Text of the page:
Ghana, an SSA country, has a national SBA target of 80% towards shifting the paradigm from home deliveries to IBD [14]. In 2016, the proportion of births or deliveries by skilled birth attendants was 56.2%, and this was significantly below the national target [14]. The national SBA target is part of the maternal and child health interventions to reduce Ghana’s maternal mortality ratio (MMR) which currently stands at 310 per 100,000 live births and are largely attributable to inadequate access to quality skilled delivery, emergency obstetric, and newborn care and family planning [15]. Ghana’s MMR is still very high compared to the global target of less than 70 per 100,000 live births by 2030 [4], and therefore the implementation of policy interventions including an improved shift from home deliveries to IBD is critical. Reports on Ghana’s regional trend in skilled delivery from 2014 to 2016 indicate that Upper East Region and Volta Region consistently recorded the highest and lowest skilled delivery coverage over the 3 years, respectively [14]. Ghana has made substantial progress to reduce the prevalence of home deliveries by reducing some social inequalities through the introduction of the Community-based Health Planning and Services (CHPS) initiative, and the free maternal health care policy through the National Health Insurance Scheme (NHIS) in 2005 [16, 17]. These initiatives contributed significantly to reducing home delivery from 45% in 2007 to 20% in 2017 [18]. Despite the significant concerted global and national efforts, uptake of IBD remains low, with many childbearing women continuing to deliver their babies at home due to limited access to maternal healthcare services including delivery services [7, 19, 20]. Hence, there is a need to estimate the prevalence and explore the nuances associated with home delivery.

Available global evidence indicates that women’s decisions to deliver at home or at a health institution is influenced by prevailing social inequalities, and these substantial inequalities have the greatest burden among the poor and lower social strata [21, 22]. Social inequalities manifesting in the dimensions of education, wealth quintile, place of residence, distance to the health facility, among others have been posited to influence the prevalence and progress to reduce home deliveries [23]. In Ghana, previous studies report that social inequalities such as rural residency, poor wealth status, no formal education, not being covered by the national health insurance scheme, and male-headed households exacerbate home deliveries in the country [5, 24,25,26]. However, to the best of our knowledge, no study has investigated the progress that has been made in reducing home delivery over the years as well as examine the magnitude of the social inequalities relating to home delivery in Ghana. Therefore, this study sought to fill the dearth in literature by examining the prevalence, progress and social inequalities associated with home deliveries from 2006 to 2018 using data from the Multiple Indicator Cluster Survey (MICS). The study findings will inform policy interventions towards attaining both the national and global targets regarding maternal and child health.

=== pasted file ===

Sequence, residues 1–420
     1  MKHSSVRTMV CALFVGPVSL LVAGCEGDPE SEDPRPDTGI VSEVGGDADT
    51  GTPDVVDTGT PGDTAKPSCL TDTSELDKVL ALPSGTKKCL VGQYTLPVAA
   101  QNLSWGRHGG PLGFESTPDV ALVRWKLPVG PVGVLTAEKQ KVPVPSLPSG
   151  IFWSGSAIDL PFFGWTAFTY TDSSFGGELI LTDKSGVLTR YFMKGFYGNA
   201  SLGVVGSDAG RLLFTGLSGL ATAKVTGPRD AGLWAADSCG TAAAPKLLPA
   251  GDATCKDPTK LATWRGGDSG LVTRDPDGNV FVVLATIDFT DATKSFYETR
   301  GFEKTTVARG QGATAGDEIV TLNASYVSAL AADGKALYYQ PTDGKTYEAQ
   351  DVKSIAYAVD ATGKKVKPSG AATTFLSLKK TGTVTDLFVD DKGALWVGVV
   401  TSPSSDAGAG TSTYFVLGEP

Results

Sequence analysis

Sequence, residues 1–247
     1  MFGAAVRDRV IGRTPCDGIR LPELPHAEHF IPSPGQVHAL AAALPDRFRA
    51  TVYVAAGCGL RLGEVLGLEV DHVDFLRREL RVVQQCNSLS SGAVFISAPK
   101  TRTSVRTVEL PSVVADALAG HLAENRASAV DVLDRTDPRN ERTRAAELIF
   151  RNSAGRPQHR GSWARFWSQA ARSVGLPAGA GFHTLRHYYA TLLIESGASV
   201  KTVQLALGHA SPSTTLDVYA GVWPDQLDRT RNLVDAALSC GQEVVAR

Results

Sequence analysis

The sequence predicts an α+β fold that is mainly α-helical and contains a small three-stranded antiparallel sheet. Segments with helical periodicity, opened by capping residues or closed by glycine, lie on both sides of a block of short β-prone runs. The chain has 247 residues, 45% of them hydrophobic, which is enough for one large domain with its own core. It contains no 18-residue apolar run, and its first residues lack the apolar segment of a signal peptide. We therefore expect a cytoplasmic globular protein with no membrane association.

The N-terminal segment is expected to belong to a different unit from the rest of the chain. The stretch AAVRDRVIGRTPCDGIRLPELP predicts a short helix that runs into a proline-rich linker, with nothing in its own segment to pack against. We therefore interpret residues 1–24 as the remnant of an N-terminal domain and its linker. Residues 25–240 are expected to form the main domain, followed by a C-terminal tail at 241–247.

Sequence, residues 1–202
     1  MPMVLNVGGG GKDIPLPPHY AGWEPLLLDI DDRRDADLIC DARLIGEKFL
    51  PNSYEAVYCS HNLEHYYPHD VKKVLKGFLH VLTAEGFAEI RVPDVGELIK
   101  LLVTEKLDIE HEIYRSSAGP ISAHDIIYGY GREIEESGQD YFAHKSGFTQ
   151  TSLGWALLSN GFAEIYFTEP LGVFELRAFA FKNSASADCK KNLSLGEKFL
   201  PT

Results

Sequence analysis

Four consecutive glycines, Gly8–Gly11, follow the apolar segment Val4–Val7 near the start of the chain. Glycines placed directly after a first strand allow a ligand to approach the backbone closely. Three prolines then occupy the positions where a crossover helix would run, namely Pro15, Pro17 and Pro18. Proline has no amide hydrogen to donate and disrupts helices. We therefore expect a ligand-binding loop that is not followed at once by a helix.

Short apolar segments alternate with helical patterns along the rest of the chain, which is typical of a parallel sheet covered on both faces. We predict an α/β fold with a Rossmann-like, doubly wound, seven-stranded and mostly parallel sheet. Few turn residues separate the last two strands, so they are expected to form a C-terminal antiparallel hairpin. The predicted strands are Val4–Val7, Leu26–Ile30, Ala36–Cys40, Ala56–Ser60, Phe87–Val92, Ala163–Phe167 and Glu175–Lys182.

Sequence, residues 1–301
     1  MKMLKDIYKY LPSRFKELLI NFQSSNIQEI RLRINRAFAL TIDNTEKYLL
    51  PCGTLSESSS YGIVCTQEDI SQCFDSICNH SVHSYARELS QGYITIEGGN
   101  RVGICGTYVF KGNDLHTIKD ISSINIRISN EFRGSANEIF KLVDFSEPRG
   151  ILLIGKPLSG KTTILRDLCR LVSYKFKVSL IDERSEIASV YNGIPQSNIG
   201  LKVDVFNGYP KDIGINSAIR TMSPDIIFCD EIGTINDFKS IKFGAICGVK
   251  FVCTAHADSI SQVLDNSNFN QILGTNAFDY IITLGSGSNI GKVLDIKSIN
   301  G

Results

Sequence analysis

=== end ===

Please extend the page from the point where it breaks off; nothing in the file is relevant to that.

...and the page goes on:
Methods

Data and collection procedure

The current study used datasets collected in three waves by the Ghana Multiple Indicator Cluster Survey (GMICS) in 2006, 2011, and 2017/2018. The GMICS is a cross-sectional survey conducted by Ghana Statistical Service (GSS) in collaboration with the Ghana Health Service (GHS), Ministry of Health (MOH), and the Ministry of Education [27]. The survey received funding and technical support from the United Nations International Children's Emergency Fund (UNICEF) and other international donors [27]. The primary goal of the MICS surveys is to analyze key indicators that assist countries to produce data for use in national development plans, policies, and programmes. On top of that, the GMICS is intended to assess progress towards SDGs and other agreements signed internationally [27].

MICS surveys use a multi-stage stratified cluster design to select a probability sample of households and women (15–49 years). This approach was used to nationally survey women in urban and rural areas from the erstwhile ten administrative regions in Ghana namely, Western, Central, Greater Accra, Volta, Eastern, Ashanti, Brong Ahafo, Northern, Upper East, and Upper West. At the first stage based on the 2010 Population and Housing Census (PHC) of Ghana, enumeration areas (EAs) were randomly selected, becoming the primary sampling units (PSUs). Every household within the EA is listed to create a sampling frame and a sample of households was chosen in the second stage using systematic random sampling. Then reproductive-aged women were recruited from these selected households. A total of 7,795 women within the ages of 15 to 49 years who had delivered two years before the data collection for all the three waves participated in this study.